And what will happen next time? I’ve said before that the thing we learn from history is that we don’t. I don’t have much faith in governments and politicians to pull us unscathed out of the next one. So far, they’ve failed us on climate change, on pollution, on antibiotic resistance, on famine relief, gun control, wars and on social injustice, to name but a few.

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Covid-19; an update

In my previous post I made it clear that I was concerned about the UK government’s initial strategy for dealing with the pandemic. I am relieved that wiser counsel has prevailed, and that serious steps are being advised to limit person-to-person contact, and to increase testing.

The government’s senior scientific adviser has told the Select Committee that estimated additional deaths under the previous regime could be as high as 160,000, with which the NHS could not cope, and which I am certain the British public would have found unacceptable. I have seen higher figures quoted, but I see no point in repeating them here; goodness knows 160,000 is an appallingly high figure in any case.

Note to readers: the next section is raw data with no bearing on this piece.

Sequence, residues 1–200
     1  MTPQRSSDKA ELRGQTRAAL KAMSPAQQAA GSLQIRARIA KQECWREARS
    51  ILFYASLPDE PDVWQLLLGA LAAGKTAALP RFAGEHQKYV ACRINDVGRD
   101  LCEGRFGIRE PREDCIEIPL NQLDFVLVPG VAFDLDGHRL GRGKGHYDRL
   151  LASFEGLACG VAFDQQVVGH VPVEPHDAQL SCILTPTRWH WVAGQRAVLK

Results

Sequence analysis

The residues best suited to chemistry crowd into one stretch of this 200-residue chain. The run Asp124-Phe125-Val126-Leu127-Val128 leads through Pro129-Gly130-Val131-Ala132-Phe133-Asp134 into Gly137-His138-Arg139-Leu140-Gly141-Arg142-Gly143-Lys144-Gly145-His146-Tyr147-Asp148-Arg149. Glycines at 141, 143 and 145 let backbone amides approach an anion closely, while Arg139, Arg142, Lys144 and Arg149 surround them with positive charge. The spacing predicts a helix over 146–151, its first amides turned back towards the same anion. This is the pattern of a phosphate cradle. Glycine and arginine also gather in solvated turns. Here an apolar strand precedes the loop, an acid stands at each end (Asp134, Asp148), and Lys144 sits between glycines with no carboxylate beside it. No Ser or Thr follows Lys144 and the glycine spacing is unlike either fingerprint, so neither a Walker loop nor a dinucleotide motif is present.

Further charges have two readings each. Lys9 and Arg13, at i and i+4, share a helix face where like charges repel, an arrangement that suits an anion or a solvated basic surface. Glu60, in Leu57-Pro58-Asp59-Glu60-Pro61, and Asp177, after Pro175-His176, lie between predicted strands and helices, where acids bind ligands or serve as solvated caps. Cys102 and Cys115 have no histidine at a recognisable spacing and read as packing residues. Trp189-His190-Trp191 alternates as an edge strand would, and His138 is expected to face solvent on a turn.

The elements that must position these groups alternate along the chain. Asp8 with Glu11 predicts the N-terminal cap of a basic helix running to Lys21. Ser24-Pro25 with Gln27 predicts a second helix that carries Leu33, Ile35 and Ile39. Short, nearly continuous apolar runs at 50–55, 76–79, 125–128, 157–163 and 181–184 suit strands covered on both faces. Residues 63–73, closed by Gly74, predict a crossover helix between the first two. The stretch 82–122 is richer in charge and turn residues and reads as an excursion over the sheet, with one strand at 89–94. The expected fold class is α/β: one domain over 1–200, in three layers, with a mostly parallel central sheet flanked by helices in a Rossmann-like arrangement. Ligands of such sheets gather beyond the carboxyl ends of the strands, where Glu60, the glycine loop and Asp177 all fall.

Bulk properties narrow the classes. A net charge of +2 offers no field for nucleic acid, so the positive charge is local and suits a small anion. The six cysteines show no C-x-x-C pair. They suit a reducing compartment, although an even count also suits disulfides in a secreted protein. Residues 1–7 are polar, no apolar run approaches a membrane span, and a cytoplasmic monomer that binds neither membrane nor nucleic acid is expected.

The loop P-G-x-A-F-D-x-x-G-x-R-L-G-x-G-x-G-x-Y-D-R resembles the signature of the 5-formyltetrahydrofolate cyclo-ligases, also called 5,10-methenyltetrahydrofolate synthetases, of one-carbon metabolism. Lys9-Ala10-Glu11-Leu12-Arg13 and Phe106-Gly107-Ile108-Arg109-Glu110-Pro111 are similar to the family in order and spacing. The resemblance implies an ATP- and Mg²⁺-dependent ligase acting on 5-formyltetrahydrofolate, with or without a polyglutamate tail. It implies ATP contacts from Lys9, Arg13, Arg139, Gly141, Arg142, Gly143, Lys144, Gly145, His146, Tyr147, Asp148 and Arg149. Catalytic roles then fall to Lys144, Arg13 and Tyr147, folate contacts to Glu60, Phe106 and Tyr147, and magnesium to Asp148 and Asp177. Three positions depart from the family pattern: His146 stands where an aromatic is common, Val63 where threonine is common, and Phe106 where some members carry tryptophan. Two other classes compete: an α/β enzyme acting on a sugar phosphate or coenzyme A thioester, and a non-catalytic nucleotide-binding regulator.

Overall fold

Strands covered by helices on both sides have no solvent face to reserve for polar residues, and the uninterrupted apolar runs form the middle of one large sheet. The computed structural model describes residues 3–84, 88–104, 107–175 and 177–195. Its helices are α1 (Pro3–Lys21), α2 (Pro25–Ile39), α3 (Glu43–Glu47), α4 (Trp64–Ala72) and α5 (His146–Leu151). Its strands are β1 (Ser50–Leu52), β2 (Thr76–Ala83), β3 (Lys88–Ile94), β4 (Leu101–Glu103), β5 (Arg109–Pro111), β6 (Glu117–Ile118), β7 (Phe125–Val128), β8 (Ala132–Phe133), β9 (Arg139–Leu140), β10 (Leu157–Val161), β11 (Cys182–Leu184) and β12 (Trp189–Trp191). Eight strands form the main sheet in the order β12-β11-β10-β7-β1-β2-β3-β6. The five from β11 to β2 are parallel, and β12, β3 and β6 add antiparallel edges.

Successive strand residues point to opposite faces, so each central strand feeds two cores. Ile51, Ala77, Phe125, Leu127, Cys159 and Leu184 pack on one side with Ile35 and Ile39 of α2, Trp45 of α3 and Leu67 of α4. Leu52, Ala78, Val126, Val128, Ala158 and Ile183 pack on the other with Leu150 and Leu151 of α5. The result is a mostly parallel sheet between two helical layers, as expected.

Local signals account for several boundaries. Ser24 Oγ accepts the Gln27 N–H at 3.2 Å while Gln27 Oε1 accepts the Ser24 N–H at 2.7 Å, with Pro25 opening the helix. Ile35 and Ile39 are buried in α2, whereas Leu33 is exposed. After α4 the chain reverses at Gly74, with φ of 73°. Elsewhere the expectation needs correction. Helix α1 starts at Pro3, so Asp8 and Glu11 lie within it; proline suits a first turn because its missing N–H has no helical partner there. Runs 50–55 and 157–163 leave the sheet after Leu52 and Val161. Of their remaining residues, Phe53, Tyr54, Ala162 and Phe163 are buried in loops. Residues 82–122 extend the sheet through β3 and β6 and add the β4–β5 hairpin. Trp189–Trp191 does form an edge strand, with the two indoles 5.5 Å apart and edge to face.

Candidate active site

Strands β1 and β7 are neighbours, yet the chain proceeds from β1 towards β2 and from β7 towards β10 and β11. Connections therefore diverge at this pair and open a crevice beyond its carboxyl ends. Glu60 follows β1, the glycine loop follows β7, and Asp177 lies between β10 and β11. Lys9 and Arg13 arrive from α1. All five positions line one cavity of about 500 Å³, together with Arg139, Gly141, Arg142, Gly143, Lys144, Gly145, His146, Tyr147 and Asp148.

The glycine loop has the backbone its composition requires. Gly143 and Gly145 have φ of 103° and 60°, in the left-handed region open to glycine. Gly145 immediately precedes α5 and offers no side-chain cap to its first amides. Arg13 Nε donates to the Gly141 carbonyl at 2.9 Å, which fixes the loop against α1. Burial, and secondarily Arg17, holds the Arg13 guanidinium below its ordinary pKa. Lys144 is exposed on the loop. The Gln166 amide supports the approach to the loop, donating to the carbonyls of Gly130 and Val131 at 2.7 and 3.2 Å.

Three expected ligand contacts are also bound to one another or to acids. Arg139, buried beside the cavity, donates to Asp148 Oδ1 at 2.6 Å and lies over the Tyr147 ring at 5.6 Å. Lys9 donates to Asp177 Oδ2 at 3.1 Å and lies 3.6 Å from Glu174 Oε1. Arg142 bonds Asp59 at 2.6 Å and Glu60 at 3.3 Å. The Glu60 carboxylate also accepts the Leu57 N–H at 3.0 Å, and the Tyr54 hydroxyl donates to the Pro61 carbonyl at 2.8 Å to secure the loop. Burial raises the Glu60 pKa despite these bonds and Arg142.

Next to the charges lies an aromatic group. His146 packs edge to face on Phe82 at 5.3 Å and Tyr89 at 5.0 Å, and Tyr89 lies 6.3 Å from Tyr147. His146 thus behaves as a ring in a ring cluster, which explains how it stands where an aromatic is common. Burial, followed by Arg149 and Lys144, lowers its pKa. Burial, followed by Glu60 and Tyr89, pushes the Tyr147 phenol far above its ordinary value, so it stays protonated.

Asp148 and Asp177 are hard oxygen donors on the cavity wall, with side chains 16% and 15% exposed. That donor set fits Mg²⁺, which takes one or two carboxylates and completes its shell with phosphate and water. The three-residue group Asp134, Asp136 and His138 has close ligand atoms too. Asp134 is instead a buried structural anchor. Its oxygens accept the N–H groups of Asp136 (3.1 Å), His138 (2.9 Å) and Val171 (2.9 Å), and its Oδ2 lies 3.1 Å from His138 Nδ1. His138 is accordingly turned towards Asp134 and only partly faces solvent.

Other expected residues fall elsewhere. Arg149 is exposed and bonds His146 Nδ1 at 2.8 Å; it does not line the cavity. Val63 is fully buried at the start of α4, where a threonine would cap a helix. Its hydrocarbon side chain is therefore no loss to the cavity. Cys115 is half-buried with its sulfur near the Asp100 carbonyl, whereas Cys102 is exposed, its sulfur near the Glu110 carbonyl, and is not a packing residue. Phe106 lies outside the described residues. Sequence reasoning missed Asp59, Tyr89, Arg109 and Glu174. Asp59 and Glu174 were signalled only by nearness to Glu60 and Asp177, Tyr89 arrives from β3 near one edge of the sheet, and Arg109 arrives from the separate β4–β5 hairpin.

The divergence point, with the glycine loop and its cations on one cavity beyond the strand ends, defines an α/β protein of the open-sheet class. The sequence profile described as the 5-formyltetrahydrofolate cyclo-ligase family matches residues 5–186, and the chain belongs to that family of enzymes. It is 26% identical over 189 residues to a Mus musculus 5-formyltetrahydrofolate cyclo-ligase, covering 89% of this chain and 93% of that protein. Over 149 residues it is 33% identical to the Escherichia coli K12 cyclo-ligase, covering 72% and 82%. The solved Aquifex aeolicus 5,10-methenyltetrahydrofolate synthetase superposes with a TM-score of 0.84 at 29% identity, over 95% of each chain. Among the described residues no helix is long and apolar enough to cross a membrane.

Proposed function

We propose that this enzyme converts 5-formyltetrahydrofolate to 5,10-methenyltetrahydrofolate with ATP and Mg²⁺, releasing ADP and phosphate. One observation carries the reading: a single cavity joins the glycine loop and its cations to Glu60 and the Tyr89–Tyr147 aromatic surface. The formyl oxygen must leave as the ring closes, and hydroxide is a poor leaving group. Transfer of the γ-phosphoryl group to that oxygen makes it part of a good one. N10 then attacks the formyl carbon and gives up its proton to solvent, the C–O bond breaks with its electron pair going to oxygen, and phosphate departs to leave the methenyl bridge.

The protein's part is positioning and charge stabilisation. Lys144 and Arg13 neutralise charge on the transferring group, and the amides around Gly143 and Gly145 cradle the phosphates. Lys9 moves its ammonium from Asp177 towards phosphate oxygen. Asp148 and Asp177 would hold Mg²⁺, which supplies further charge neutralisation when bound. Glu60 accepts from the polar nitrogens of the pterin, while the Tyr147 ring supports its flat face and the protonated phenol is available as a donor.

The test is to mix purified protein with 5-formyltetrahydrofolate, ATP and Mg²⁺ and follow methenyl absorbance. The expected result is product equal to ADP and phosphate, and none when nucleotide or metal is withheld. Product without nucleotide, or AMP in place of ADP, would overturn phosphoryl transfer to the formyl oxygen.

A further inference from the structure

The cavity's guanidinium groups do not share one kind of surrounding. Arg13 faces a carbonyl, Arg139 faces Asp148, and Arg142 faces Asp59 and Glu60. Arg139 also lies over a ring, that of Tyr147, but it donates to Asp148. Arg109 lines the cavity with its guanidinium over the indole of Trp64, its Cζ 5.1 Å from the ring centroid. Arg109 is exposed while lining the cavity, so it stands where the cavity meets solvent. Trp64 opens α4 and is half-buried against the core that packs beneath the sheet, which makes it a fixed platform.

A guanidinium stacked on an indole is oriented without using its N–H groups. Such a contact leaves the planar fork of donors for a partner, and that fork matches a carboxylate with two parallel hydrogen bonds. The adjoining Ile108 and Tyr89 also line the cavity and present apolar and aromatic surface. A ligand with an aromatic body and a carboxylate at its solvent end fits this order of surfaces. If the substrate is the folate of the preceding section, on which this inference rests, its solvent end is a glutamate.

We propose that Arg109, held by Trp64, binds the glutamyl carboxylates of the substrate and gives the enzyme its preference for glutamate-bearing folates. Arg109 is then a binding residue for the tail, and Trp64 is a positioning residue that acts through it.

He hopes that the new measures and advice will help to contain the number of additional deaths to around 20,000. That’s a lot, in terms of human suffering and loss, I know, but the alternative doesn’t bear thinking about.

The social and financial consequences of the new measures will result in changes that none of us can foresee at the moment. In the short term, it’s catastrophic for whole swathes of our society, and life-changing for those who will lose their livelihoods. There will be far too many in that situation.

 

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Coronavirus Covid-19

I’m concerned about Covid-19, because I understand the science behind it, but I’m not influenced by newspaper or social media hype.